“I have a great job. I pay all my bills in full, on time and have never paid anything late, let alone had a default. I paid off a personal loan early. I’m ahead on my mortgage. I have a lot of money in savings… Why isn’t my credit score excellent? It should probably be 1000!”

These are fair questions, but unfortunately credit scores don’t quite work that way. We’ll tackle these one by one below:

I have a great job.

Whilst your credit report can contain the name of your employer, there is no information held about your actual income or job (unless you’re a company director or an owner of a business). Therefore, even if you’re earning a sweet six-figure salary, it doesn’t affect your score.

I pay all my bills in full and on time.

We definitely encourage you to pay all your bills on time but it is important to know that comprehensive credit reporting or CCR is not quite here yet. This means that specific payment information is not yet contributing to your credit score and that banks and other lenders don’t know what credit accounts you actually have (only what you have applied for in the last 5 years).

I’ve never had a default.

This will certainly have a positive impact your score but of course is only part of the puzzle.

I paid off a personal loan early; I’m ahead on my mortgage.

Whilst this is responsible and good credit behaviour, credit reporting rules and regulations mean that your balance information will not be shared or held by credit reporting bodies even when CCR is truly here.

I have lots of savings.

Again, whilst that is great, credit reporting bodies have no visibility of assets held and as such cannot take any of that into account when calculating a credit score.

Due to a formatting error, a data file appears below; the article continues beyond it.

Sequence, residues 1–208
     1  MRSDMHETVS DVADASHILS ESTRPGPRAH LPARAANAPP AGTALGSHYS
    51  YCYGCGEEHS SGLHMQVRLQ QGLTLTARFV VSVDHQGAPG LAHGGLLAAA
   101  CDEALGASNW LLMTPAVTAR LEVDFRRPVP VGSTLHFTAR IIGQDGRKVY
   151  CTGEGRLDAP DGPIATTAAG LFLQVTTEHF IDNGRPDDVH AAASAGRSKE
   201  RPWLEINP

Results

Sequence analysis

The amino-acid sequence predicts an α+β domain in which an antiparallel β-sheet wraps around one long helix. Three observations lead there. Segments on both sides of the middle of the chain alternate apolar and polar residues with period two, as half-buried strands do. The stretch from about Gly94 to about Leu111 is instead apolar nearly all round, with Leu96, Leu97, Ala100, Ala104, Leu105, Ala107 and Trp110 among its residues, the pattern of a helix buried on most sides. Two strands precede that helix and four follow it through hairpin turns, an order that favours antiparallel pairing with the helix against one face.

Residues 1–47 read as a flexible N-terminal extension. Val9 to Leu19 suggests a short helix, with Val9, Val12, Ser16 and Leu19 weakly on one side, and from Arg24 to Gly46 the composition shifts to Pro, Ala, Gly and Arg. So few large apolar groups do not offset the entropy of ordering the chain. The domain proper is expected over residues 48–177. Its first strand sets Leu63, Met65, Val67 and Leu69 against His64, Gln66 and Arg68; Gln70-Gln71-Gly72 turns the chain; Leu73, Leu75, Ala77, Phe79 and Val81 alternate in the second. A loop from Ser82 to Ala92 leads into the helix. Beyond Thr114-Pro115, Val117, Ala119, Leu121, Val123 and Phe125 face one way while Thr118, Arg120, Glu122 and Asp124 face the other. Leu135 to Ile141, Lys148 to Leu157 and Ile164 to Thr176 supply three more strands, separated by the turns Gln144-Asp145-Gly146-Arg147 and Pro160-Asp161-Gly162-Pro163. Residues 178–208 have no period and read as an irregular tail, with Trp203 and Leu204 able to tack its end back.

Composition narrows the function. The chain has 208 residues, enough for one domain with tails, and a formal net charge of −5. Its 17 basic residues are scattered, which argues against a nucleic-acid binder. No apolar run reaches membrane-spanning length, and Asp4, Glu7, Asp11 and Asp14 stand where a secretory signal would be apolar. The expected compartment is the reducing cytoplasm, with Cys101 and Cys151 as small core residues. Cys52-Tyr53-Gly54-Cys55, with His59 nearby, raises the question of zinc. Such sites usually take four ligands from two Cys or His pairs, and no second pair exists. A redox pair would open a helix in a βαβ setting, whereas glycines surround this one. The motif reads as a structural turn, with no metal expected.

So doing everything right isn’t worth it?

Being as responsible as possible with your finances is definitely something to strive for. When it comes to credit scores, it is important to look at the context.

Credit scores can be used by lenders to determine whether to give you credit and at what rate. Once your score gets up in the excellent (say above 800) range then you may well already have the best opportunities and offers open to you. The actual difference between a score of 850 and 900 actually is very small in terms of perceived risk. And no bank has a secret product only available to people with a perfect 1000!


Keep doing the right things. Keep doing them over a long time. Ultimately your score should head in the right direction. There may be no such thing as a perfect score but you can shoot for the moon and land among the stars!

Credit Savvy can help of course by helping you track your score and continuing to show you what’s on your Experian credit file and alert you to any changes.

Still have questions? You can check out what’s in a credit score and what’s not in a credit score where we’ve covered a few of the things above in more detail.



  1. I have no outstanding money owing yet it says I have a $130000 mortgage which it was paid for last year for a motorhome. I have the Title for my home with me. Please fix this. We have investments and money in the bank.

    • Melissa Ng Reply

      Hi Kenny,

      Thanks for getting in touch.

      Please note that the enquiries page shows details of your applications for credit and does not indicate if the product was ever taken out, is still active or whether it has been paid off or not. The enquiry will remain on your file for five years and can only be removed if it is incorrect.

      For more information you might like to check out our Credit Knowledge article: What are credit enquiries?

      Kind regards,
      Mel from The Credit Savvy Team

    • Melissa Ng Reply

      Hi Delveen,

      Thanks for getting in touch. You can find out how long the information stays on your credit file in our Credit Knowledge articles.

      Kind regards,
      Mel from The Credit Savvy Team

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